Diablo IV Beta Hands-on – The King Is Back and Runs Well on PC


After many long years of wait, the Diablo IV Beta is finally underway on PC and consoles. This weekend, the gates of Sanctuary are open to all pre-order customers, while everyone else will be able to get in and try the game for free the next weekend.

It’s been a long time since the beta of a mainline Diablo game on PC. The final Diablo III beta ran nearly eleven years ago, so there was understandably huge anticipation among the millions of fans of Blizzard’s franchise.

As such, the first couple hours saw a mad rush of players trying to log in, with extremely long queues to enter the Diablo IV Beta. Personally, I tried to log in at 6.30 PM CET, roughly an hour and a half after the servers went live. I was met with an estimated wait time of 148 minutes, though the game actually let me in a little less than two hours.

The wait was more than worth it, though. Right away, Diablo IV impresses thanks to an excellent presentation, both in terms of in-game visuals (mostly thanks to the fully dynamic lighting) and how the narrative unfolds via in-engine cutscenes.

There’s even an interesting twist early on that eventually leads the player character to become connected with Lilith, Daughter of Hatred and mother of Sanctuary, whose feud with Inarius (Sanctuary’s father) is at the very core of Diablo IV’s story.

If there’s one thing I must criticize about the Beta, it’s that it takes simply far too long to unlock any abilities. For some reason, the game forces you to waddle through foes with just the basic attack until level 7. I reckon this should be lowered to at least level 5, if not 4; hopefully, it’s one of those easily tunable things the developers can implement into the full game before launch after hearing enough feedback from the players.

Once you finally unlock your character’s abilities, combat starts to sing. Animations are silky smooth, and your weapons look and sound exceedingly satisfying when they shatter enemies to pieces. Out of the three available classes in the Diablo IV Beta (the Necromancer and Druid are currently locked until next weekend’s Open Beta), the Barbarian was by far the most compatible with my tastes. A strong but mobile character, the Barbarian can switch seamlessly between dual-wield and two two-handed weapon options, depending on the ability.

One of the main criticisms levied at Diablo III was the streamlining of the character progression. Here, Blizzard appears to have taken stock of that. The skill tree in Diablo IV is much more reminiscent of something like Path of Exile than the previous entry in the Diablo franchise. There’s plenty of options to tweak each class so that it plays just like the user would want them to.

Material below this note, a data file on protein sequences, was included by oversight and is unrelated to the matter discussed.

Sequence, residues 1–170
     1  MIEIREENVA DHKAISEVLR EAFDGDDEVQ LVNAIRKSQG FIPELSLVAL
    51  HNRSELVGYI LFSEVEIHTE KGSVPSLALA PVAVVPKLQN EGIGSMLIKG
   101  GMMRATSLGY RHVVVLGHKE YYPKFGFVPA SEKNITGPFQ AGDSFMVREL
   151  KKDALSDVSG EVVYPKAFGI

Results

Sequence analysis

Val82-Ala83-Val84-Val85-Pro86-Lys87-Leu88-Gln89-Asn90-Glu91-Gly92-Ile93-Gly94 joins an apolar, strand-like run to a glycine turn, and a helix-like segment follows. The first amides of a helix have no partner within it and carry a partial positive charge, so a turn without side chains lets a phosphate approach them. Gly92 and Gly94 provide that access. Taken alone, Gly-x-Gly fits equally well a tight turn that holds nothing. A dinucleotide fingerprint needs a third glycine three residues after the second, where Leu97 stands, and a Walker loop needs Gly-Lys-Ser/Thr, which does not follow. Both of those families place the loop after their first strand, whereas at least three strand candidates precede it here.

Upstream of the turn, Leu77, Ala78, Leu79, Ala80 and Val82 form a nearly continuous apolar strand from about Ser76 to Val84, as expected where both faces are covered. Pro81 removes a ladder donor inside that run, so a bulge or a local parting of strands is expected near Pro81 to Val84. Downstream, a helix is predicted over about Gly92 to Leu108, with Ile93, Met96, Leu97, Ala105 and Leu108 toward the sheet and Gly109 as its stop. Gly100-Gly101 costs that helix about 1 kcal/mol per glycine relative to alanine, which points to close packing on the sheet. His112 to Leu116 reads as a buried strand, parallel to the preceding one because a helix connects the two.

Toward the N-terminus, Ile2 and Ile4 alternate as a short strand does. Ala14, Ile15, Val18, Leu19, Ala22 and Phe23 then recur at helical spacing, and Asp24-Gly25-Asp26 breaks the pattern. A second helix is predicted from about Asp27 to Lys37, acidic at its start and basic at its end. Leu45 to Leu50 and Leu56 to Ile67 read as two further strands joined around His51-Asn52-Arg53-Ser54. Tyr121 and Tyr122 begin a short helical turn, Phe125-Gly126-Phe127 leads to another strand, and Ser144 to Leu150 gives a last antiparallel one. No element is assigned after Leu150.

Of course, the star of the Diablo IV Beta is arguably the open world, one of the main additions of this fourth entry. The environments don’t really feel like maps anymore, thanks to a much more cohesive geography and look. The Beta only features the Fractured Peaks, but if this zone is any indication of the other areas, this game could be massive. There’s a ton of content, including MMO-style dynamic events that pop up every once in a while, encouraging nearby players to group up to defeat enemies and gain juicy rewards.

The several dungeons scattered through the Fractured Peaks offer an even greater challenge to adventurers. They’re suitably large and complex, with a final boss that can often kill you even at World Tier 2 (World Tier 3 and 4 are locked in the beta) if you’re not careful.

I’ve praised the visuals, but the game’s performance is yet another positive note. The Diablo IV beta doesn’t have DLSS 3 yet (Blizzard will add it for the game’s launch in June), but DLSS 2/Super Resolution on Quality (4K) is more than enough to keep the game running at around 145 FPS with an Intel i7 12700KF and GeForce RTX 4090. That’s obviously with the max settings available in the beta, though you should keep in mind that textures can’t be upped from Medium in this build.

There are occasional instances of microstuttering. It doesn’t have that much of an impact on gameplay, but it would be nice if the developers could fix it before the game is released. Other than that, I would be tempted to switch DLSS to DLAA if possible, given how well the game already runs. Unfortunately, DLAA isn’t available in the game, and DLSSTweaks does not work with online games. Hopefully, Blizzard and NVIDIA can implement DLAA natively at some point.

I’ve only played a few hours of Diablo IV, but I’m already looking forward to diving back in and possibly trying another class. It’s way too early to pass final judgment, but so far, I’d say the king of the action RPG/hack and slash genre is back.

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